I recently read a quote, “You can take the person out of a trauma, but you can’t take the trauma out of the person.” In his seminal book, The Body Keeps the Score: Brain, Mind, And Body in the Healing of Trauma, Dr. Bessel van der Kolk suggests that “although we may all want to move past our traumas, the parts of our brains which are designed to ensure our survival are not very good at being in, or maintaining denial.”
In fact, long after a traumatic experience is over, the deep primitive parts of our brains can be reactivated at even the slightest hint of danger, causing us to feel as though the trauma is happening again. This re-triggering causes the release of powerful stress hormones (i.e. cortisol and adrenaline), which can precipitate intense emotions.
Several years ago, I was working with a military clergy who was back from a war zone. He now lives in a safe neighborhood in London.
While deployed in Afghanistan, he had witnessed terrible things, such as children being fired upon in their village while playing innocently outside. This man had a 5-year-old daughter of his own. Every time he took his daughter to the local playground, he was filled with physical and emotional terror. He literally needed to stand guard at the entrance of the playground fearing that there would be a sniper attack. Although he was no longer in a war zone, his brain was still there, sending out danger signals. One of the most important aspects of trauma work is to first understand that when the brain is activated and releasing powerful stress hormones, cognition and/or thinking straight will ultimately be overridden. In other words, it will do no good to expect a triggered person to respond rationally and think clearly. Telling my patient that he was no longer in a war did nothing to quiet his brain chemistry. We are programmed as mammals to survive. This is why our brains have this built-in danger alert system. Once ignited, it takes tremendous will and relearning to not panic when your body may inadvertently be telling you that there is danger all around.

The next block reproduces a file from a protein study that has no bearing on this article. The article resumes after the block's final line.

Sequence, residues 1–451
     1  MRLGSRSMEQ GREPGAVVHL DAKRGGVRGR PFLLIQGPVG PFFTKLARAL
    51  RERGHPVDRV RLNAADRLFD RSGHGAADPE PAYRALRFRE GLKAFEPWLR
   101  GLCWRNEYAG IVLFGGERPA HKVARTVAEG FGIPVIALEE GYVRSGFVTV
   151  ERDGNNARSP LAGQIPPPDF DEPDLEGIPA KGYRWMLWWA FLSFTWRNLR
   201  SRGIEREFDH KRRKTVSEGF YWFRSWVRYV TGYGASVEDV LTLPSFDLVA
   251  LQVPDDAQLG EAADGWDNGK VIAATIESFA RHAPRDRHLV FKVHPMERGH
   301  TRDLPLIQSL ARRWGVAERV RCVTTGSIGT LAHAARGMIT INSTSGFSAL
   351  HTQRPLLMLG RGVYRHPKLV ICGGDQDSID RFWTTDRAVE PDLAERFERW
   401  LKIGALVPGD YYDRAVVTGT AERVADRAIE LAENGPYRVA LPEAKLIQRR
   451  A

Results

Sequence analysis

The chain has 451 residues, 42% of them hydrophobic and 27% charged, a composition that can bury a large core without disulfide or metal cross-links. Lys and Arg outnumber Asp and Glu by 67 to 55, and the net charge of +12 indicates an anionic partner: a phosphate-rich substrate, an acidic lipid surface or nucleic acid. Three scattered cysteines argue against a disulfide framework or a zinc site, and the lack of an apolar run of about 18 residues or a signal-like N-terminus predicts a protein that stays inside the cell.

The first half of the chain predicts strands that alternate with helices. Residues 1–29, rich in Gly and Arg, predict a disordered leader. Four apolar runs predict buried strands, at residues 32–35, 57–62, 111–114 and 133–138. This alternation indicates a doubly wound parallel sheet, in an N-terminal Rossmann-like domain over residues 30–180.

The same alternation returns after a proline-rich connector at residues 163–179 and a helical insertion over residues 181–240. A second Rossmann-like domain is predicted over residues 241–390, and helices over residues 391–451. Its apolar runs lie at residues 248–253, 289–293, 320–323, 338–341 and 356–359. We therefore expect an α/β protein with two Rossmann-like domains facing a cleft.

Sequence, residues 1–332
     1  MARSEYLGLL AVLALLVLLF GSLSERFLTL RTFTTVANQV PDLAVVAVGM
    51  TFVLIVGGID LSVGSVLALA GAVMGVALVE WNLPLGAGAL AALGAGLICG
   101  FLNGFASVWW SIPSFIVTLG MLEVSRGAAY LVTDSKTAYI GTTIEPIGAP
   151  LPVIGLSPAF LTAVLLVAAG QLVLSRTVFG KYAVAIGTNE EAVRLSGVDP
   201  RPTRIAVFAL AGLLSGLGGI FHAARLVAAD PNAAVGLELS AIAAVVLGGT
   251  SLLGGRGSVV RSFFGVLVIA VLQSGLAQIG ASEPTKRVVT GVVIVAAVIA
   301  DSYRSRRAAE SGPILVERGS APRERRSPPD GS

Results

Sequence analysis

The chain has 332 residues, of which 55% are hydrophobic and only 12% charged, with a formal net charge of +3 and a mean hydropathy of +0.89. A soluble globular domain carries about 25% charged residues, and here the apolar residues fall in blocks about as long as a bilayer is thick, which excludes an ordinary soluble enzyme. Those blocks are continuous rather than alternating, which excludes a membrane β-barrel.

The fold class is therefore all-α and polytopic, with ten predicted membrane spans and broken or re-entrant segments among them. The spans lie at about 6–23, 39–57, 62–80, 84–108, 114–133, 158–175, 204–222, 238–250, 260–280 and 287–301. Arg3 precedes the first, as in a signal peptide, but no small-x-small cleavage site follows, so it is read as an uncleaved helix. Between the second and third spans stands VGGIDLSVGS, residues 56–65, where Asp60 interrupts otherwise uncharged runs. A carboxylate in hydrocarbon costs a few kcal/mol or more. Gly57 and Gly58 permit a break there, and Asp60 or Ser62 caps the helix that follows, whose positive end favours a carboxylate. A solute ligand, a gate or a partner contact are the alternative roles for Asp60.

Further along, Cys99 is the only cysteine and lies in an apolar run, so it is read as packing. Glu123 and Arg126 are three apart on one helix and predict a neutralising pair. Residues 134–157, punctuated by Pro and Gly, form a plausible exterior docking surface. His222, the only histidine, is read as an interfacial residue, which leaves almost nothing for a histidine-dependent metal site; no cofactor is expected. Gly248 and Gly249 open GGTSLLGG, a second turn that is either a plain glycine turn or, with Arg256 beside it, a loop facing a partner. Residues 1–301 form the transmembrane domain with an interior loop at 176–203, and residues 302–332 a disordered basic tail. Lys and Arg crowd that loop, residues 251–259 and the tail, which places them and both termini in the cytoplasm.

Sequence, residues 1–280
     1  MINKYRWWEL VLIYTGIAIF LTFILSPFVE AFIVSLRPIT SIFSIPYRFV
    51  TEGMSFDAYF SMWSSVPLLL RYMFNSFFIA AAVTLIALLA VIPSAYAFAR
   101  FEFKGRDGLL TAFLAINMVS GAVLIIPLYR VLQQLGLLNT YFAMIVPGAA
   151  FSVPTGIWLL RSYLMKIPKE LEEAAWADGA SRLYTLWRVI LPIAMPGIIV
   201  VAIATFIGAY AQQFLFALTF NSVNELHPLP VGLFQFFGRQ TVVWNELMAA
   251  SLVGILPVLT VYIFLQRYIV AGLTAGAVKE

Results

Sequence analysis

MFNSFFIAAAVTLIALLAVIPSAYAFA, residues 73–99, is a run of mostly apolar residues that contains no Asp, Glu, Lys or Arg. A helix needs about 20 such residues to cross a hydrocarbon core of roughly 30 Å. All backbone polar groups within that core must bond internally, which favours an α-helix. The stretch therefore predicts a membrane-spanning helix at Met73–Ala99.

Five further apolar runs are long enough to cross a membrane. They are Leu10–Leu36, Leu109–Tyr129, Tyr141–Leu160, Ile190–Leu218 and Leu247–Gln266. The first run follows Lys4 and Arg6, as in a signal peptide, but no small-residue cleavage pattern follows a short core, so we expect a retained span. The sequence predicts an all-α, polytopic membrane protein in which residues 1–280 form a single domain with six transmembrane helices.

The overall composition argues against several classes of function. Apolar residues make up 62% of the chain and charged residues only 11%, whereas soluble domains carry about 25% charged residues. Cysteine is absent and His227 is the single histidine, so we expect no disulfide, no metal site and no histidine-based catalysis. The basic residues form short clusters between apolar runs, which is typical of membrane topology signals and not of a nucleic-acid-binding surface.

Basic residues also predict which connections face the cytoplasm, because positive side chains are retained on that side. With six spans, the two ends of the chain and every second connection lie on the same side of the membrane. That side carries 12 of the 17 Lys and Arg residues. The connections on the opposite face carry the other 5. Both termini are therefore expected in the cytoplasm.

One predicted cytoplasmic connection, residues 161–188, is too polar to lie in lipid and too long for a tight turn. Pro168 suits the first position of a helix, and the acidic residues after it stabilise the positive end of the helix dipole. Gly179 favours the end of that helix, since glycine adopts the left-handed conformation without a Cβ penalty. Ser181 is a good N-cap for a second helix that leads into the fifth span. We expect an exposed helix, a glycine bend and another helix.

In the 1990s, I created a program at a major hospital in New York City with the purpose being to understand the biology of survival and treat European Holocaust survivors and their offspring. This was almost 50 years after World War II ended. Even half a century later, many survivors were still suffering from Post-Traumatic Stress Disorder (PTSD). These survivors had been living peacefully in the United States since the war ended. However, they were still suffering from the extreme and horrific traumas they had endured. Unfortunately, it was only in the early 1980s that the field of psychology and psychiatry really began to understand the vicissitudes of surviving trauma, both psychologically and biologically. The first goal of our program was to try and help our patients understand that what their bodies were doing was actually contributing to the constant need to be on high alert, hypervigilant, and remain distrustful in their lives. We taught them about their brain chemistry. We explained that their bodies, even after so many years, were “still keeping score.” This concept is extremely important. The more trauma survivors can understand and accept the dysregulation in their physical selves, the more they can mitigate the sense of shame and uncertainty as to why they still suffer sometimes for decades after their traumatic ordeal. Understanding the neurogenesis of trauma exposure is a crucial aspect in the ability to move forward after trauma.
Once a person can begin to accept that their body may be signaling danger when there is no danger, they can work on processing and integrating the trauma into one’s life narrative. With the Holocaust survivors in our program, we could only do the real therapeutic work (which, in itself, could be extremely triggering) once our participants were armed with the understanding that their brains were still releasing stress hormones, causing them to feel as though they were still in imminent danger. Processing and working through the memories of traumatization is a challenge for both the survivor and the clinician. But knowing that there is a biology to surviving trauma is a useful tool in the arsenal of recovery.